F2W 153 Competitor Heather Raftery: “It’s Vitally Important To Travel & Visit Other Academies”

Heather Raftery has been around the world and back again. Tonight, her journey will take her back to Dallas as she competes against Talita Alencar for the black belt no-gi flyweight title at F2W 153. It won’t be her first time competing against Alencar, but in the middle of a tumultuous time, she’s just happy to be competing again.

The road here has spanned over a decade, beginning shortly after Raftery graduated from the University of Arizona and had already begun traveling internationally. Her dad was worried about her safety and suggested (and Raftery puts quotation marks around the word “suggested”) that she take up martial arts to learn how to protect herself. Raftery took him up on the “suggestion” and found an MMA gym close to her school, starting off with cardio kickboxing until one day, she noticed a jiu-jitsu class going on at the same time.

“I had no idea what jiu-jitsu was, or even what MMA was, and thought that looked fun,” she told the Jiu-Jitsu Times. “My dad was a wrestler when he was young, and my brother and I would sometimes wrestle/fight when we were young. My first few classes were taught by Jason Bukich, and when he left to teach in Taiwan, he invited his friend Josh Hinger to take over the jiu-jitsu program. Josh was a purple belt at the time.”

Raftery received her blue belt from Hinger after two and a half years of training almost every day, continuing her time on the mats in Denver when she went to grad school. From there, she moved onward and upward, receiving her purple belt from Steve Hordinski and JJ Pugsley, then moving to Miami and getting her brown belt from Roberto “Cyborg” Abreu, then finally earning her black belt from Andre Galvao himself following a move to the West Coast.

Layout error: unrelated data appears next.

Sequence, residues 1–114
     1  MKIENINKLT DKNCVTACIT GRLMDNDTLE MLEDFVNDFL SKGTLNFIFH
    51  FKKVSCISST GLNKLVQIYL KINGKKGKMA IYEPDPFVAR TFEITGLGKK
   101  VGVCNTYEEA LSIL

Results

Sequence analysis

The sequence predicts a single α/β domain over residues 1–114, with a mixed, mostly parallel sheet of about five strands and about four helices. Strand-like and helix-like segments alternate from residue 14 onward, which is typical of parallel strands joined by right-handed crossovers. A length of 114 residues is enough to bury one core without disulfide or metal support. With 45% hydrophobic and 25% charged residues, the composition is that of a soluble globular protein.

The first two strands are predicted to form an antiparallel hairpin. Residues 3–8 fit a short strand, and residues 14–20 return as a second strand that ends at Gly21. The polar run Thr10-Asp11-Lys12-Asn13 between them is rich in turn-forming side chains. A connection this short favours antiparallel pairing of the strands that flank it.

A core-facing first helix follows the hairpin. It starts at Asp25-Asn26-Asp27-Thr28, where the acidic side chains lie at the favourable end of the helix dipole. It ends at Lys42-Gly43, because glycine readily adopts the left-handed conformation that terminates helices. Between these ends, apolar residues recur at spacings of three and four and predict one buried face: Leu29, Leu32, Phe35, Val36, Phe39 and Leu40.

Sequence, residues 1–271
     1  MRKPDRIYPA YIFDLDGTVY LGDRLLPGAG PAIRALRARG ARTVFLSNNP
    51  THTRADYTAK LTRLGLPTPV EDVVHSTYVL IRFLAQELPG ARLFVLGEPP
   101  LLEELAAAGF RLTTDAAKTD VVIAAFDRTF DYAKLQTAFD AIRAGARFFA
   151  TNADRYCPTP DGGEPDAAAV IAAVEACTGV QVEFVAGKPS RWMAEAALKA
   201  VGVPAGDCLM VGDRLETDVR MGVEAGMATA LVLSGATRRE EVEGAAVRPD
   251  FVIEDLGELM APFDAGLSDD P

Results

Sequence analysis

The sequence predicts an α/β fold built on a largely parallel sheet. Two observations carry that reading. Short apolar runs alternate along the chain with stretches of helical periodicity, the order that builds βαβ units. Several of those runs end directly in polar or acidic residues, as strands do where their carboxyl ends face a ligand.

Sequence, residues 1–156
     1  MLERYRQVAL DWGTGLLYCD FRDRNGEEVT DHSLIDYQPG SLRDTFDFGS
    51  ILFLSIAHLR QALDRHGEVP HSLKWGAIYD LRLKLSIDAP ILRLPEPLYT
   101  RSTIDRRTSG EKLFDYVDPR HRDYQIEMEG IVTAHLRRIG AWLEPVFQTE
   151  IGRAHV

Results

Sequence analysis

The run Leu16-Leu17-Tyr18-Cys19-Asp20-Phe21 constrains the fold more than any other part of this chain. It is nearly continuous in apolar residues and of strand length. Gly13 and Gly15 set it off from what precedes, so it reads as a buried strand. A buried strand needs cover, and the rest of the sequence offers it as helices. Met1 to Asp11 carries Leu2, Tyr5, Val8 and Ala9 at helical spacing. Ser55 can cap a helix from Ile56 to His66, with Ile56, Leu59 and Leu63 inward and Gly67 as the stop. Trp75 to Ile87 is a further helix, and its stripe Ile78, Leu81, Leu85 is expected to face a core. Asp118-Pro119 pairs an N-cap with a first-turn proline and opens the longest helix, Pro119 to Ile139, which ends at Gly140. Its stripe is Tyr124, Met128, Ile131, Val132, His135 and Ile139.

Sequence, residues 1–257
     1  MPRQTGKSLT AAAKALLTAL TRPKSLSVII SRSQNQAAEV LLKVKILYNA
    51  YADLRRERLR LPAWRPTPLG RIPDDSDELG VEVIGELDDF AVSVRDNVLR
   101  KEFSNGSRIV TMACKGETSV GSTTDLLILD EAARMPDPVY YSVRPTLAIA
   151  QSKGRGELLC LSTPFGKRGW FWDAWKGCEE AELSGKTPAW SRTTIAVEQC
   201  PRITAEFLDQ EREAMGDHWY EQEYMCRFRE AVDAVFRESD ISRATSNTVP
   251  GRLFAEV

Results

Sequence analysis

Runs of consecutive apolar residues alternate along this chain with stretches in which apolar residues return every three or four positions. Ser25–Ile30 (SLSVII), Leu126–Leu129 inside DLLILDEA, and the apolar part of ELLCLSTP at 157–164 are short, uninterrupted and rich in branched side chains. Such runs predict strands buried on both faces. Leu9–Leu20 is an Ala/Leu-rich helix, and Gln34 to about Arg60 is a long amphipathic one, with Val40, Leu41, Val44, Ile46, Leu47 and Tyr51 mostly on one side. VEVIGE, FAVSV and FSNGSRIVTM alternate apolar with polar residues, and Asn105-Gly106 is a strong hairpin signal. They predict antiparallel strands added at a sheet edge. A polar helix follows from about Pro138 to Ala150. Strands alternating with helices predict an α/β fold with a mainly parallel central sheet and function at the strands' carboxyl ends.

Raftery has obviously done some traveling, and for her, all the moves and changes weren’t a burden, but an opportunity. While living in Miami, she became intrigued by the idea of being a bit of a nomad and living out of a van.

“I guess the lure of vanlife was multi-part,” she says. “I didn’t really want to pay rent anymore, and I had already seen others living the ‘vanlife’ (before it was really big), and thought, ‘That’d be a cool experience.’ Plus, I love the idea of minimalism and being able to just pick up and leave whenever I wanted, and stay for as long as I wanted, without having to worry about ‘coming back’ anywhere. Traveling was always my first love, jiu-jitsu a close second.”

While such an unconventional lifestyle might seem outlandish to some jiu-jitsu practitioners, Raftery says that living out of her van (affectionately named “Bonnie Clyde”) helped her keep the disciplined, simple schedule she needed to stick to in order to succeed as an athlete. “Because I had to pee early in the morning, I just got up and went to the gym (where they had a bathroom) and while I was at it, I’d train,” she says. “Then I’d find a coffee shop to get some work in (I was still working full-time doing freelance writing, research, and marketing) for a few hours, then go train at Atos (usually the competition classes, which are ALWAYS SO INTENSE), shower at the academy, then find another coffee shop to get some more work in before I maybe went to a yoga class (where they had a shower), before I went to bed and did it all over again.”

Make no mistake, though — vanlife does have its challenges, and for Raftery, the biggest one was finding new “parking spots” every day. “Technically, living in your vehicle in San Diego limits (and most counties) is illegal,” she says.